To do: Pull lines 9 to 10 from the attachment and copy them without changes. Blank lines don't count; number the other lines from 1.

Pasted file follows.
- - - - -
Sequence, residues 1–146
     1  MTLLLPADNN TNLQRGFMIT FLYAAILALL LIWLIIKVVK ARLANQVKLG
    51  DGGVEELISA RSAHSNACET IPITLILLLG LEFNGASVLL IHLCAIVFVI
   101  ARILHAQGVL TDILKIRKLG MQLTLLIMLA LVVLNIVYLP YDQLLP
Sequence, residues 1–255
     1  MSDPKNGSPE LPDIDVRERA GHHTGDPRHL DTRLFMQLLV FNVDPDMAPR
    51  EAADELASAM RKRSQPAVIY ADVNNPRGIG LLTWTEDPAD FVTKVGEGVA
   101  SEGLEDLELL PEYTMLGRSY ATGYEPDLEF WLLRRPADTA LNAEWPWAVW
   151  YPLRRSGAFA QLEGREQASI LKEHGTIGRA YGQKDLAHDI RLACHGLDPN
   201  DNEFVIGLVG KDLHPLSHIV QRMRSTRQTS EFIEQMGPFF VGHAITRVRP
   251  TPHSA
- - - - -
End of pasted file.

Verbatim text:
   151  YPLRRSGAFA QLEGREQASI LKEHGTIGRA YGQKDLAHDI RLACHGLDPN
   201  DNEFVIGLVG KDLHPLSHIV QRMRSTRQTS EFIEQMGPFF VGHAITRVRP